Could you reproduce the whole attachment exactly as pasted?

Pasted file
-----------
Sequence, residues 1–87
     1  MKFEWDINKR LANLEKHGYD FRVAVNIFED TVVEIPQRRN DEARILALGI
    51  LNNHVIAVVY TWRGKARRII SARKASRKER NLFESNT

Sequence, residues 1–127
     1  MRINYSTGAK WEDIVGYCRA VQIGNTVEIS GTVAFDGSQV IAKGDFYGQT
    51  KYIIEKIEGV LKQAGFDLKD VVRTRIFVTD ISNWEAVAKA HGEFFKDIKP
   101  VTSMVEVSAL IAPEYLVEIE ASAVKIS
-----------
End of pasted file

Sequence, residues 1–87
     1  MKFEWDINKR LANLEKHGYD FRVAVNIFED TVVEIPQRRN DEARILALGI
    51  LNNHVIAVVY TWRGKARRII SARKASRKER NLFESNT

Sequence, residues 1–127
     1  MRINYSTGAK WEDIVGYCRA VQIGNTVEIS GTVAFDGSQV IAKGDFYGQT
    51  KYIIEKIEGV LKQAGFDLKD VVRTRIFVTD ISNWEAVAKA HGEFFKDIKP
   101  VTSMVEVSAL IAPEYLVEIE ASAVKIS